Convolutional encoding
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input bit. n(L+1) output bits. k bits. n bits. ( n,k,L ) encoder. Convolutional encoding . Convolutional codes are applied in applications that require good performance with low implementation cost. They operate on code streams (not in blocks)

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Convolutional encoding

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input bit

n(L+1) output bits

k bits

n bits

(n,k,L) encoder

Convolutional encoding

  • Convolutional codes are applied in applications that require good performance with low implementation cost. They operate on code streams (not in blocks)

  • Convolution codes have memory that utilizes previous bits to encode or decode following bits (block codes are memoryless)

  • Convolutional codes achieve good performance by expanding their memory depth

  • Convolutional codes are denoted by (n,k,L), where L is code (or encoder) Memory depth (number of register stages)

  • Constraint lengthC=n(L+1) is defined as the number of encoded bits a message bit can influence to

message bits

encoded bits

Example: Convolutional encoder, k = 1, n = 2


depth L=numberof states

(n,k,L) = (2,1,2) encoder

  • Convolutional encoder is a finite state machine (FSM) processing information bits in a serial manner

  • Thus the generated code is a function of input and the state of the FSM

  • In this (n,k,L) = (2,1,2) encoder each message bit influences a span of C=n(L+1)=6 successive output bits = constraint length C

  • Thus, for generation of n-bit output, we require n shift registers in k = 1 convolutional encoders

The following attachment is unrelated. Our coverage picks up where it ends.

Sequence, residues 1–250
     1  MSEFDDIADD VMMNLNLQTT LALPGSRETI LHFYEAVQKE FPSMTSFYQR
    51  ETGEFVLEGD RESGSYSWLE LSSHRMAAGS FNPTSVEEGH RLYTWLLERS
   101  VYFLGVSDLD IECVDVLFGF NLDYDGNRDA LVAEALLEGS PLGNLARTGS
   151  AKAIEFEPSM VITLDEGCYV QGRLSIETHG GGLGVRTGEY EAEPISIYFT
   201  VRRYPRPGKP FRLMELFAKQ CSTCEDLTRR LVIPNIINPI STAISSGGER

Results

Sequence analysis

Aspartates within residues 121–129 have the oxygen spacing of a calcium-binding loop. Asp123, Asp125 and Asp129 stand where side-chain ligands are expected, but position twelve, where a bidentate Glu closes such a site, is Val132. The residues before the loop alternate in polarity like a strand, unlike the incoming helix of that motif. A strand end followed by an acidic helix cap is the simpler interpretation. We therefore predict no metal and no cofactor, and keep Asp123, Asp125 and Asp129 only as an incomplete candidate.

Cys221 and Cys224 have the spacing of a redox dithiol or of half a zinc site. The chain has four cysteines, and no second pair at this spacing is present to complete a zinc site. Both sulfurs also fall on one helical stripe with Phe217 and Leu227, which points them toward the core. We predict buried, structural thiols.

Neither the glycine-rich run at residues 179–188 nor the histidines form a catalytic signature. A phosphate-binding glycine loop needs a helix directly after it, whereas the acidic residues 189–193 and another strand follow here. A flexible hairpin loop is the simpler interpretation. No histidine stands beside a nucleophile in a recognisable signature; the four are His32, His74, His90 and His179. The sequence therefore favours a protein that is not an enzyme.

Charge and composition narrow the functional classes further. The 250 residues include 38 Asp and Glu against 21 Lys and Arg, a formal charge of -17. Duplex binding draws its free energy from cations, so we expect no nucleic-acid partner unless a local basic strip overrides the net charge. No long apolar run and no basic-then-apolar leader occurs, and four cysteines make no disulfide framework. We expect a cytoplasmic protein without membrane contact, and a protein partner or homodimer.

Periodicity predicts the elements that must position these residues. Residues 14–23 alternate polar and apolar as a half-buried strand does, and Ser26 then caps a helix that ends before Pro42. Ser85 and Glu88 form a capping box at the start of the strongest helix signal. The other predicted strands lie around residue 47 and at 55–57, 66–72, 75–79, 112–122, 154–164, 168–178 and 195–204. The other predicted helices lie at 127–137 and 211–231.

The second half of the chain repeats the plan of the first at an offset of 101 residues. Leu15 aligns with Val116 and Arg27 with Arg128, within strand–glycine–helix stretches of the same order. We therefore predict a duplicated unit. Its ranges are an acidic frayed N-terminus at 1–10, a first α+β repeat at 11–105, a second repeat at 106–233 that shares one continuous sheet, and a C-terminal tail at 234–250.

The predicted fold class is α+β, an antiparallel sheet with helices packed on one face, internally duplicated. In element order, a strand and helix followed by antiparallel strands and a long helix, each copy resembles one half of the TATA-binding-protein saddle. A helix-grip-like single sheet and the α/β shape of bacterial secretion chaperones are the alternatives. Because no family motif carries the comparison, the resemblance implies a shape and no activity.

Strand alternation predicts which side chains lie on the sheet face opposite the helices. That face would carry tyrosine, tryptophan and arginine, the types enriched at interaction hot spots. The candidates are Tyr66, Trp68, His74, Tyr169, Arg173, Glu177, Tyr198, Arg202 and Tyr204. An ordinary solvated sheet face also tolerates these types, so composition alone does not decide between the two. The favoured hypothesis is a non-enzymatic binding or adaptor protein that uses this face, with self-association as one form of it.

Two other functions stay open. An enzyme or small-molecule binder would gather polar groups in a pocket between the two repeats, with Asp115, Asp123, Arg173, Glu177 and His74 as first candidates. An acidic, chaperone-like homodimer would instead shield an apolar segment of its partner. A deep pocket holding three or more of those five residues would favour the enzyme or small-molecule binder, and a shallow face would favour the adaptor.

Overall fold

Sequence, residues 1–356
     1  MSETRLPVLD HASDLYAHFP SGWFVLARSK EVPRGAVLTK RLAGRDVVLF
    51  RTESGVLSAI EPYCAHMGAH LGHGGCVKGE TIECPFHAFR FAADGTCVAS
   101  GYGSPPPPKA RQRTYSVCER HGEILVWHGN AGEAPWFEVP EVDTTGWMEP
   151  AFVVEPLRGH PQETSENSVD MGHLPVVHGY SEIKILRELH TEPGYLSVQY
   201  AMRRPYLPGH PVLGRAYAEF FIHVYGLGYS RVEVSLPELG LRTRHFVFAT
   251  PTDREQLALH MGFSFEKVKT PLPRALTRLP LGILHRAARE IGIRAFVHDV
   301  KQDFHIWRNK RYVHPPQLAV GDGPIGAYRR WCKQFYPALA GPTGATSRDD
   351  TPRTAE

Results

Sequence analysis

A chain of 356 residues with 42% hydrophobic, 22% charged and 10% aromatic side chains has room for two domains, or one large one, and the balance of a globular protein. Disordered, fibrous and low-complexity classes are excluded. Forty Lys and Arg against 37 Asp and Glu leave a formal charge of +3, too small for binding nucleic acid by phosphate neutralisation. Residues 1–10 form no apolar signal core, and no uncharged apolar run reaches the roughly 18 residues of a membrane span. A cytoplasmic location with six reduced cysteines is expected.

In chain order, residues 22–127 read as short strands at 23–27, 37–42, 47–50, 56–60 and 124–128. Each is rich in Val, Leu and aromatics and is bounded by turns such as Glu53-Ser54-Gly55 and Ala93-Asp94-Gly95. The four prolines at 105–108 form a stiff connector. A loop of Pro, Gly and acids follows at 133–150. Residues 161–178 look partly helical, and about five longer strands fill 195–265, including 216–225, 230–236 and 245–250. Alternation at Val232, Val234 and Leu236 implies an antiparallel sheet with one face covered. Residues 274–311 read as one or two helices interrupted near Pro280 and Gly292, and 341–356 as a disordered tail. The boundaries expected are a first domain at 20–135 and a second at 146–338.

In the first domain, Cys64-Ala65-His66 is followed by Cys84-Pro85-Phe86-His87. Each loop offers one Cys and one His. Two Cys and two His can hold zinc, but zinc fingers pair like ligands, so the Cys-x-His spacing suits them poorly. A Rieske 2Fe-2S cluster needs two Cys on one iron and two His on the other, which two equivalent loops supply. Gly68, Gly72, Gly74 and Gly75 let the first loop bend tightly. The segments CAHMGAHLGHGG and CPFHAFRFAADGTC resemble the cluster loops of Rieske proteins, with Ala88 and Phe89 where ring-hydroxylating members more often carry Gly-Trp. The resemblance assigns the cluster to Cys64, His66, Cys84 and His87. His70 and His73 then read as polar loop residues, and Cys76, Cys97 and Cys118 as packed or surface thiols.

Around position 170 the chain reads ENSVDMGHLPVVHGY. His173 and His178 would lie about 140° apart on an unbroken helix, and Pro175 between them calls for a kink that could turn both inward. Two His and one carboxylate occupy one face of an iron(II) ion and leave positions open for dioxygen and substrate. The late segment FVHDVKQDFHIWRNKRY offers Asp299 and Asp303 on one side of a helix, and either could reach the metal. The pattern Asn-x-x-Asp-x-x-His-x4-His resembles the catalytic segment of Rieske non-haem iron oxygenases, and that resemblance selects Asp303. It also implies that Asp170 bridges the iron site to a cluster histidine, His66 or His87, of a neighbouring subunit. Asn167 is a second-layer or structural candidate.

Representing convolutional codes: Code tree

(n,k,L) = (2,1,2) encoder

This tells how oneinput bit

is transformed into two output bits

(initially register is all zero)

Representing convolutional codes compactly: code trellis and state diagram

Input state ‘1’

indicated by dashed line

State diagram

Code trellis

Shift register states

Inspecting state diagram: Structural properties of convolutional codes

  • Each new block of k input bits causes a transition into new state

  • Hence there are 2k branches leaving each state

  • Assuming encoder zero initial state, encoded word for any input of k bits can thus be obtained. For instance, below for u=(1 1 1 0 1 0 0 0), encoded word v=(1 1, 1 0, 0 1, 0 1, 1 1, 1 0, 1 1, 1 1) is produced:

Input state

Verify that you can obtain the same result!

- encoder state diagram for (n,k,L)=(2,1,2) code

- note that the number of states is 2L+1 = 8

Coding gain for some selected convolutional codes

  • Here is a table of some selected convolutional codes and their code gains RC df /2 (df = dfree) often expressed (hard decoding) also by

Decoding of convolutional codes

  • Maximum likelihood decoding of convolutional codes means finding the code branch in the code trellis that was most likely transmitted

  • Therefore maximum likelihood decoding is based on calculating code Hamming distances for each branch forming encoded word

  • Assume that the information symbols applied into an AWGN channel are equally alike and independent

  • Let’s x denote encoded symbols (no errors) and y received (potentially erroneous) symbols:

  • Probability to decode the symbols is then

  • The most likely path through the trellis will maximize this metric.Often ln( ) is taken from both sides, because probabilities are often small numbers, yielding